2020, and 2023 for the 1997 8-hour ozone standard. The EPA is 
conditionally approving, under CAA section 110(k)(4), the revised 
direct PM10 and NOX budgets shown in table 2 
above for 2020 for the 24-hour PM10 standard. CARB must 
adopt and submit the SIP revisions that it has committed to submit by 
June 1, 2017, as described in their April 29, 2016 letter. If CARB 
fails to comply with this commitment, the conditional approval will 
convert to a disapproval. Disapproval of the revised budgets for the 
2007 PM10 Plan would reinstate the existing approved budgets 
as the budgets that must be used in transportation plan and TIP 
conformity determinations after the effective date of the disapproval. 
See 40 CFR 93.109(c)(1).\11\
---------------------------------------------------------------------------

    \11\ Because the submittal of the revised budgets is not a 
required submittal, disapproval would not trigger sanctions under 
CAA section 179(a)(2) but would nonetheless trigger a two-year clock 
for a federal implementation plan under CAA section 110(c). 
Disapproval would not trigger a transportation conformity freeze 
because the disapproval does not affect a control strategy 
implementation plan as defined in the transportation conformity 
rule. See 40 CFR 93.101 and 93.120(a).
---------------------------------------------------------------------------

IV. Statutory and Executive Order Reviews

    Under the CAA, the Administrator is required to approve a SIP 
submission that complies with the provisions of the Act and applicable 
Federal regulations. 42 U.S.C. 7410(k); 40 CFR 52.02(a). Thus, in 
reviewing SIP submissions, the EPA's role is to approve State choices, 
provided that they meet the criteria of the CAA. Accordingly, this 
action merely approves revisions to motor vehicle emission budgets as 
meeting Federal requirements and does not impose additional 
requirements beyond those imposed by State law. For that reason, this 
action:
     Is not a ``significant regulatory action'' subject to 
review by the Office of Management and Budget under Executive Order 
12866 (58 FR 51735, October 4, 1993);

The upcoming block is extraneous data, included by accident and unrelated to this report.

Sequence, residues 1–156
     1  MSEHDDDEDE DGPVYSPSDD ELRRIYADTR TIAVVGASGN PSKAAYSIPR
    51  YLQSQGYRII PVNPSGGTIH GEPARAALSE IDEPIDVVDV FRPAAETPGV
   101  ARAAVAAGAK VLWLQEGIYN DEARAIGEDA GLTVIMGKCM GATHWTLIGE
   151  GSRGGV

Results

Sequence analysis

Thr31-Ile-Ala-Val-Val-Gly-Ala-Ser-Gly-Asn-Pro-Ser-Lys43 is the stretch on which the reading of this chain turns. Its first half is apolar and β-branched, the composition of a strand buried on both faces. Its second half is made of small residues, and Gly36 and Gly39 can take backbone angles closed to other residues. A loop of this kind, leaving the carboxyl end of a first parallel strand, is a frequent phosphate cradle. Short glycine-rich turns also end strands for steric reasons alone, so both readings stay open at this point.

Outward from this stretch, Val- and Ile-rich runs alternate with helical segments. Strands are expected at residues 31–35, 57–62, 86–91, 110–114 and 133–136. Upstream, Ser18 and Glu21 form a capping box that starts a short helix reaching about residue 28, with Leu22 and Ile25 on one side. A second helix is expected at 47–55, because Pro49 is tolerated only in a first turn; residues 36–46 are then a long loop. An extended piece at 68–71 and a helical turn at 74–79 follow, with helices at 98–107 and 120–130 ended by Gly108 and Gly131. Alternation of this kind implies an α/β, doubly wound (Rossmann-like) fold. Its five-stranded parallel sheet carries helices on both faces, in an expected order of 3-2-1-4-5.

Does not impose an information collection burden under the 
provisions of the Paperwork Reduction Act (44 U.S.C. 3501 et seq.);
     Is certified as not having a significant economic impact 
on a substantial number of small entities under the Regulatory 
Flexibility Act (5 U.S.C. 601 et seq.);
     Does not contain any unfunded mandate or significantly or 
uniquely affect small governments, as described in the Unfunded 
Mandates Reform Act of 1995 (Pub. L. 104-4);
     Does not have Federalism implications as specified in 
Executive Order 13132 (64 FR 43255, August 10, 1999);
     Is not an economically significant regulatory action based 
on health or safety risks subject to Executive Order 13045 (62 FR 
19885, April 23, 1997);
     Is not a significant regulatory action subject to 
Executive Order 13211 (66 FR 28355, May 22, 2001);
     Is not subject to requirements of Section 12(d) of the 
National Technology Transfer and Advancement Act of 1995 (15 U.S.C. 272 
note) because application of those requirements would be inconsistent 
with the CAA; and
     Does not provide the EPA with the discretionary authority 
to address disproportionate human health or environmental effects with 
practical, appropriate, and legally permissible methods under Executive 
Order 12898 (59 FR 7629, February 16, 1994).
    Executive Order 13175, entitled ``Consultation and Coordination 
with Indian Tribal Governments'' (65 FR 67249, November 9, 2000), 
requires the EPA to develop an accountable process to ensure 
``meaningful and timely input by tribal officials in the development of 
regulatory policies that have tribal implications.'' ``Policies that 
have Tribal implications'' is defined in the Executive Order to include 
regulations that have ``substantial direct effects on one or more